Art Auctions Look Abroad
Weak Dollar, Wobbly
Could Scare Off U.S. Buyers
By KELLY CROW
November 2, 2007; Page W8
With the American economy smarting from a
weak dollar and an erratic stock market, New York's chief
auction houses are counting heavily on new collectors from
Europe, Asia and the Middle East to sustain the art boom.
When the flagship New York fall auctions start Tuesday, American
collectors are largely expected to watch from the sidelines
while foreign buyers dominate the bidding for the priciest
Impressionist, modern and contemporary art. The major auction
Sotheby's, Christie's and Phillips de Pury & Co. --
predict this global buying will push their combined sales
during the two weeks of auctions to as much as $2 billion,
up from $1.3 billion last November and $764 million in November
See a slideshow
of some of the major works that will be on the auction
block next week.
at Sotheby's include a Gauguin view of a Tahitian woman
estimated to go for up to $60 million, a late Van Gogh
depiction of a wheat field for up to $35 million, and
a Francis Bacon bullfighter for up to $45 million. Overall,
Sotheby's expects its sales to bring in as much as $977
Christie's, meantime, is selling art
it estimates could bring in up to $1.03 billion, including
two Rothko abstracts that could fetch as much as $30
million each; a Warhol portrait of Elizabeth Taylor
being sold by actor Hugh Grant estimated at up to $35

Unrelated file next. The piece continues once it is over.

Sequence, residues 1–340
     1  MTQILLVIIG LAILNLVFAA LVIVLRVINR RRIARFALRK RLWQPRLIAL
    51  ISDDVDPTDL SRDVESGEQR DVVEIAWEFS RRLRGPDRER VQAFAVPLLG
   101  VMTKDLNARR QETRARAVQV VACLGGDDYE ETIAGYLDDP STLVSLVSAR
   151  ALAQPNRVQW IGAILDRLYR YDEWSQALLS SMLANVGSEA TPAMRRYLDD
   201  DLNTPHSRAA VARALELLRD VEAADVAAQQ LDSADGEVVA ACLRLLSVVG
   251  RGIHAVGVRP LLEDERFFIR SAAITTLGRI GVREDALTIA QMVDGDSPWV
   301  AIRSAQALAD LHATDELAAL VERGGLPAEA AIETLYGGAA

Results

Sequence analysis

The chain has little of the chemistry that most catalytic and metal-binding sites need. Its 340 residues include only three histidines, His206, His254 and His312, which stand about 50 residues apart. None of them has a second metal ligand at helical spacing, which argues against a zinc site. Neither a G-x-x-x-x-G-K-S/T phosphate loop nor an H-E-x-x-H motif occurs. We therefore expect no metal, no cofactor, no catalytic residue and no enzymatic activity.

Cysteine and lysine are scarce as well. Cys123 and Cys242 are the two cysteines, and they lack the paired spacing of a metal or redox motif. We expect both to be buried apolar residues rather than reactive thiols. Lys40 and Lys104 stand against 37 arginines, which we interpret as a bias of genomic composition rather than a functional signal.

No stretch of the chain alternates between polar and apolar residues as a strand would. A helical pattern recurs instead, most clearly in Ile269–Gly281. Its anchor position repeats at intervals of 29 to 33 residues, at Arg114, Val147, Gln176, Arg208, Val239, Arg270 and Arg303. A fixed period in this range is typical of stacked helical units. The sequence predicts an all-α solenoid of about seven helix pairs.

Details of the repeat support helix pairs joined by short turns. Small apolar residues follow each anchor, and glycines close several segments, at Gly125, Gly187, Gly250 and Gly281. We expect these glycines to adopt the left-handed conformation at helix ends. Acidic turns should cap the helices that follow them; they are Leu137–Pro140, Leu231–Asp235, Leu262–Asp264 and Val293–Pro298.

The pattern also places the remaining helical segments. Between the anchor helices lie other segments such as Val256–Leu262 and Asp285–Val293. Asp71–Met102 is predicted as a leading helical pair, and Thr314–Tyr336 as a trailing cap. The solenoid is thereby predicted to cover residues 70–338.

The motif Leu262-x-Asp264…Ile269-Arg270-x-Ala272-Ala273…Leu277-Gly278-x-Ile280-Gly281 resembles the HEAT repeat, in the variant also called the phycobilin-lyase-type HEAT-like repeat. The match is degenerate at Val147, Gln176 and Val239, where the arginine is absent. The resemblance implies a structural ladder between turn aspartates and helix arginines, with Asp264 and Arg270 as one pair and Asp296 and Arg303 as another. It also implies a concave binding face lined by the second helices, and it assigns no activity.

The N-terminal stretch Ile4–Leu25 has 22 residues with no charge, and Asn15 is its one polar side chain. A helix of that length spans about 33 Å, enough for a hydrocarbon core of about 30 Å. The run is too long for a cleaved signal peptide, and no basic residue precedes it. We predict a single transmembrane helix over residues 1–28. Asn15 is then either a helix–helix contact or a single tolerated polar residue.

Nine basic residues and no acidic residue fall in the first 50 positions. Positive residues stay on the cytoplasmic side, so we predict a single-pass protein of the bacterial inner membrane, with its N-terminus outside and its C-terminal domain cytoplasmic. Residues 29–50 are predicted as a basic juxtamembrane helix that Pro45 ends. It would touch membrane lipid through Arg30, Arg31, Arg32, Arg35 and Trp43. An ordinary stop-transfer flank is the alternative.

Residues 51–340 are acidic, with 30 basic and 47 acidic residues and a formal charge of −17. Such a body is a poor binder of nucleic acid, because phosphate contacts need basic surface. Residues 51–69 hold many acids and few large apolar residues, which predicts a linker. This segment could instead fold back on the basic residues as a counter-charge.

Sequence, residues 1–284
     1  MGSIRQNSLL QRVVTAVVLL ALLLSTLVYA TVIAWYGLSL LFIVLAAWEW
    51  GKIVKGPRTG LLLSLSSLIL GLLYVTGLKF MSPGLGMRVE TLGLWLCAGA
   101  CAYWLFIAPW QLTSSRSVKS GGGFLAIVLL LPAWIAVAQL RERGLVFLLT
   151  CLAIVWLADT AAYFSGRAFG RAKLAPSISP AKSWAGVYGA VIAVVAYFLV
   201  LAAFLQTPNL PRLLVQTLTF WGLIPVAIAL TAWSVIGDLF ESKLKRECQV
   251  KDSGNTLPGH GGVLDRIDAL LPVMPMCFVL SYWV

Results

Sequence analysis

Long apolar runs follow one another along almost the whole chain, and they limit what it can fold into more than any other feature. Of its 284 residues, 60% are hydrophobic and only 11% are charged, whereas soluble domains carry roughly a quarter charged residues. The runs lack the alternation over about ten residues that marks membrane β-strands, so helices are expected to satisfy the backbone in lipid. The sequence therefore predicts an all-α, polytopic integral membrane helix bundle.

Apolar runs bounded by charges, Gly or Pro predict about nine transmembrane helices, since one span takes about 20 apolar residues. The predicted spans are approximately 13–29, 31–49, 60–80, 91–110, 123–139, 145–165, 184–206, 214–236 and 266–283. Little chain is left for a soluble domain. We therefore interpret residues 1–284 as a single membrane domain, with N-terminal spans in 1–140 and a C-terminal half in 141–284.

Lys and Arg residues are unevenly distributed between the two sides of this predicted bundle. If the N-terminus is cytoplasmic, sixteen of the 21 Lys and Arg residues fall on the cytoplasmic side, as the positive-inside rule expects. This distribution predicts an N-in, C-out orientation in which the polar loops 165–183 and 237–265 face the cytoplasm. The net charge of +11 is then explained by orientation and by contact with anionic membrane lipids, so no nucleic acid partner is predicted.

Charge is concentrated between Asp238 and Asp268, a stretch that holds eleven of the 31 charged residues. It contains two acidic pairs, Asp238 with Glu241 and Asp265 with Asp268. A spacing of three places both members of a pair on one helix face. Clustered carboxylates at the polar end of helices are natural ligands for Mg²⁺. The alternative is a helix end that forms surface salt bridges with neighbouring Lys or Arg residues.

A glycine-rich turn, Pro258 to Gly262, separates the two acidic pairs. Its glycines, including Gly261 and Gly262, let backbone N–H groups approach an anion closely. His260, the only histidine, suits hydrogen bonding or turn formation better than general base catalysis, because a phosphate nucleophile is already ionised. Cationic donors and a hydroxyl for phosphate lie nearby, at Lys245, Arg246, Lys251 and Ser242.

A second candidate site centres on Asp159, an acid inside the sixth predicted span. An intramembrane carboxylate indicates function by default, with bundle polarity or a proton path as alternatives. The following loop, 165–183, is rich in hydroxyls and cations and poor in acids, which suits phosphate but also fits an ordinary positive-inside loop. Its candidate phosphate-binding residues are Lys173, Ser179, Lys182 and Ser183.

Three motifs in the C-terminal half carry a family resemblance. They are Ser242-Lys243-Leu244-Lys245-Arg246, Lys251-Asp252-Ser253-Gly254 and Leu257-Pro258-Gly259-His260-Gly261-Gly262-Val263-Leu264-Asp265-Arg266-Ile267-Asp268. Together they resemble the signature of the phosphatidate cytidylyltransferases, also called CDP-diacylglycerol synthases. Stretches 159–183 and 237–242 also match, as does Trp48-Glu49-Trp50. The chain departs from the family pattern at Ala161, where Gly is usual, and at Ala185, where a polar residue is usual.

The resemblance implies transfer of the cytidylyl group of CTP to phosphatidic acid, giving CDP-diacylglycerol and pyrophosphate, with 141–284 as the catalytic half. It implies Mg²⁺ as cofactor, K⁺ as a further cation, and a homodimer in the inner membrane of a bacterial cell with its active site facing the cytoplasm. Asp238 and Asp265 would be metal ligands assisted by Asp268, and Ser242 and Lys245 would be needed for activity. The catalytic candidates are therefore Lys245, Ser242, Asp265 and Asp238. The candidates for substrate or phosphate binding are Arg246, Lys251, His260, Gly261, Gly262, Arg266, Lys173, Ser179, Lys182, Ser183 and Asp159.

million; and a Cézanne watercolor of a gardener
for up to $25 million.
The rival houses also each feature a
sculpture by Jeff Koons from the artist's 1994 series
examining popular holidays. Each is estimated to fetch
up to $20 million.
Phillips estimates the take from its two-day contemporary sale
at up to $66 million, including a 1982 De Kooning abstract that
could fetch up to $7 million and Richard Prince's "Nurse"
painting for up to $2.5 million.
From Moscow to Mumbai
To ensure an international turnout, the auction houses are
retooling their marketing efforts and sales offerings. Sotheby's
broke a record for a Chinese contemporary artwork last month
in London and now the auctioneer is adding million-dollar
works by Chinese artists like Yue Minjun to its New York evening
sale for the first time. By contrast, the sale is nearly devoid
of local art stars like Barnaby Furnas who are lately coveted
by U.S. collectors.
Christie's, meanwhile, has instructed its specialists to
make more house calls to foreign buyers, including those benefiting
from record petroleum prices, to show off art that could "plug
holes" in their collections. The auctioneer even shipped
a painting to Hong Kong so a prospective bidder could eye
it up close, at home.
"We used to be thinking about hedge funds, but now we're
looking for barrels of oil," says David Norman, Sotheby's
world-wide co-chairman of Impressionist and modern art.
This attention shift also involves catering to an international
set whose shopping styles don't necessarily match those of
Americans, Mr. Norman says. American collectors tend to enjoy
bidding themselves or through well-known surrogates. But Mr.
Norman says he has come in as early as 8:30 a.m. and stayed
after 7 p.m. to show art to foreign buyers who don't want
to be seen at the auction house during the workday. On the
other hand, the new clientele are so geographically diverse
-- often bidding remotely -- that they are less insistent
about being wined and dined at fancy dinners during the two
weeks of sales, according to Tobias Meyer, Sotheby's world-wide
chairman of contemporary art. (Only the hometown crowd is
expected to attend a Sotheby's dinner honoring Ellsworth Kelly.)